The New York Times unloads a devastating story about the alleged New York City snowplow slowdown that became a big story in the right-wing media.

Naturally, the rabidly anti-labor Rupert Murdoch’s New York Post led the charge, helped by a Republican City Councilman, Daniel Halloran, who happens to also be a little, well, off.

But the more that investigators look into Mr. Halloran’s story, the more mystifying it becomes.

Mr. Halloran said he had been visited by two supervisors in the Transportation Department and three workers in the Sanitation Department. But the two transportation supervisors did not back up his story in interviews with investigators, according to two people briefed on the inquiries. And Mr. Halloran has steadfastly refused to reveal the names of the sanitation workers.

Here’s the background on Halloran:

He is an adherent of Theodism, a neo-pagan faith that draws from pre-Christian tribal religions of northern Europe, and he led a branch in the New York area.

My favorite bit is that last month Halloran requested a building permit for a $60,000 expansion of his house, which Wells Fargo began foreclosing on a year ago. Meantime, his wife, whom he is divorcing, has filed for bankruptcy. Oh, also: They say they’re selling the house.

But there’s a media angle here, of course. What doesn’t have one these days?

There is no question that the account has brought unusual attention to Mr. Halloran, who was a fixture on both national and local news networks for a week and a half after the blizzard.

In a letter published in The Chief-Leader, which focuses on municipal labor issues, Mr. Halloran seemed to feel conflicted about all the uproar. In the letter he defended his original assertions about the slowdown, but also suggested it might have been small in scope, involving “a few bad apples.”

“My goal was never to make headlines or anger people,” he said.

So let’s look at how this thing bounced around the mostly right-wing echo chamber.

Murdoch’s Post, on December 30, started the story, naturally:

Selfish Sanitation Department bosses from the snow-slammed outer boroughs ordered their drivers to snarl the blizzard cleanup to protest budget cuts - a disastrous move that turned streets into a minefield for emergency-services vehicles, The Post has learned…

“They sent a message to the rest of the city that these particular labor issues are more important,” said City Councilman Dan Halloran (R-Queens), who was visited yesterday by a group of guilt-ridden sanitation workers who confessed the shameless plot.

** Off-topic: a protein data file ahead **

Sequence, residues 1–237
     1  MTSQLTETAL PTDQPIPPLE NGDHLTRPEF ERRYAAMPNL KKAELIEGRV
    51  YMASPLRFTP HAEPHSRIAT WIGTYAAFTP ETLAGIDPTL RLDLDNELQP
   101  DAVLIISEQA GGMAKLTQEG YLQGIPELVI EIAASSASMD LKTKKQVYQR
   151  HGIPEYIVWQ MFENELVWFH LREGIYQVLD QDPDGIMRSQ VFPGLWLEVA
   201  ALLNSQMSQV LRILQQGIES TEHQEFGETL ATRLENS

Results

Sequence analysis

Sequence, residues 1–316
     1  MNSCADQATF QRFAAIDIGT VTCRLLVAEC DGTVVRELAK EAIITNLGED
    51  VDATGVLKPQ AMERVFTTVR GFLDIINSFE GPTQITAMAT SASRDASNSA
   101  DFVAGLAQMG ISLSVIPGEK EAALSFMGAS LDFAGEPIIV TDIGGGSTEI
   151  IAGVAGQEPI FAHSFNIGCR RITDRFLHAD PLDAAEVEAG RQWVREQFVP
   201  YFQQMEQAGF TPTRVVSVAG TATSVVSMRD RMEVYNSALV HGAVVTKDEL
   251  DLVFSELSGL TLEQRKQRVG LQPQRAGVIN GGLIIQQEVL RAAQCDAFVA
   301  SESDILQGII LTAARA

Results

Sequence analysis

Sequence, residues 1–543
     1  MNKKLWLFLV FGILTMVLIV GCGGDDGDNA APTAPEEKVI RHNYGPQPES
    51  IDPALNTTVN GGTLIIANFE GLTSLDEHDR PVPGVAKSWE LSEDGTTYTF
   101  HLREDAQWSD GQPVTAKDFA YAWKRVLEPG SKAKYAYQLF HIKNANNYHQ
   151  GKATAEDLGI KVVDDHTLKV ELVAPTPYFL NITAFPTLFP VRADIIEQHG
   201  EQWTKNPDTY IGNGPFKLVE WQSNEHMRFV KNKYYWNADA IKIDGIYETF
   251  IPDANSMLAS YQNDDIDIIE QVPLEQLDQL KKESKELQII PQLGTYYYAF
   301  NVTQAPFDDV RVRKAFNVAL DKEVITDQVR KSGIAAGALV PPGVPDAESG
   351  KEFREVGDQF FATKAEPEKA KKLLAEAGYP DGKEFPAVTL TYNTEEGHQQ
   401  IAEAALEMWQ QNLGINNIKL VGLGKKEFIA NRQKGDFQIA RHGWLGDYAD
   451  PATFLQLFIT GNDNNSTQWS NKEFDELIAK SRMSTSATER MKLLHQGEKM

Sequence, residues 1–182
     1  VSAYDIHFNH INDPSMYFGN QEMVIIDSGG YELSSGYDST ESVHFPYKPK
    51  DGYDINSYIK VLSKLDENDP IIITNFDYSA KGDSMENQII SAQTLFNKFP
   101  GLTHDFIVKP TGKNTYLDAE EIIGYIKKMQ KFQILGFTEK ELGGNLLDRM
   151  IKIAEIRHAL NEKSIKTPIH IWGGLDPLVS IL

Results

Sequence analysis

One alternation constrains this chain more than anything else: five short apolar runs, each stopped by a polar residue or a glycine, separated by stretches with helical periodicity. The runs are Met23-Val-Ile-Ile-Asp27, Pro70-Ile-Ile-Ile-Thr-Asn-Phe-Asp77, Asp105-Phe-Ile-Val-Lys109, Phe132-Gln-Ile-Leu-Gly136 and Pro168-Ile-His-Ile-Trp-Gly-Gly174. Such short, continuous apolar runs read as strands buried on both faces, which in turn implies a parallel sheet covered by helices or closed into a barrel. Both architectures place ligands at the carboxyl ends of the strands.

Investor’s Business Daily, which makes Murdoch’s Wall Street Journal editorial page look like Marxists, said “But in casting blame, look for the union label.”

Dagen McDowell of Murdoch’s Fox Business Network, pronounced that “It illustrates to some the stranglehold that unions have over taxpayers, state and local and state and local governments.

CNN got into the act, saying:

Here is what we have just learned. CNN has learned of this possible slowdown, an intentional slowdown, by transportation and sanitation workers, a slowdown ordered from high above. CNN has learned that five workers have admitted to one city council member that their supervisors ordered a slowdown to protest impending budget cuts.

Great journalism, CNN. Not only were you apparently relying on the word of “one city council member,” and you pretended like it was you who got the scoop. Cool.

Later that afternoon, Fox News’s “Your World with Neil Cavuto” brought on Councilman Halloran to push the “evil unions” story. Meantime, CNN pushed the story all day. Randi Kaye teased it at one point like this:

And just ahead: If true, it’s an outrage, allegations that snow removal workers in New York City were slow removal workers, a deliberate slowdown. Workers say their supervisors ordered them to take it easy, leaving the city crippled, and you won’t believe why.

The next morning, Investor’s Business Daily wrote, and I am not kidding here—this lede for its editorial headlined “Bloody Snow”:

A New York City councilman has exposed that labor bosses don’t need “On the Waterfront”-style corruption to kill innocents. Sometimes all it takes is a snowstorm.

The Post got more outraged, too:

There was a method to their madness.

Ryan Chittum is a former Wall Street Journal reporter, and deputy editor of The Audit, CJR's business section. If you see notable business journalism, give him a heads-up at rc2538@columbia.edu.